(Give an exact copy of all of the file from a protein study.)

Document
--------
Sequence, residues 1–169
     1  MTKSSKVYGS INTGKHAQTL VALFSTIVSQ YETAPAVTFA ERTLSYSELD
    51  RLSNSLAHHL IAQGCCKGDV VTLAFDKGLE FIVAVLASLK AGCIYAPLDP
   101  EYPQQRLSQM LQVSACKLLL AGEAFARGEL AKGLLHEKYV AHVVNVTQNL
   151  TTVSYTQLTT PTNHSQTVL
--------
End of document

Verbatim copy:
Sequence, residues 1–169
     1  MTKSSKVYGS INTGKHAQTL VALFSTIVSQ YETAPAVTFA ERTLSYSELD
    51  RLSNSLAHHL IAQGCCKGDV VTLAFDKGLE FIVAVLASLK AGCIYAPLDP
   101  EYPQQRLSQM LQVSACKLLL AGEAFARGEL AKGLLHEKYV AHVVNVTQNL
   151  TTVSYTQLTT PTNHSQTVL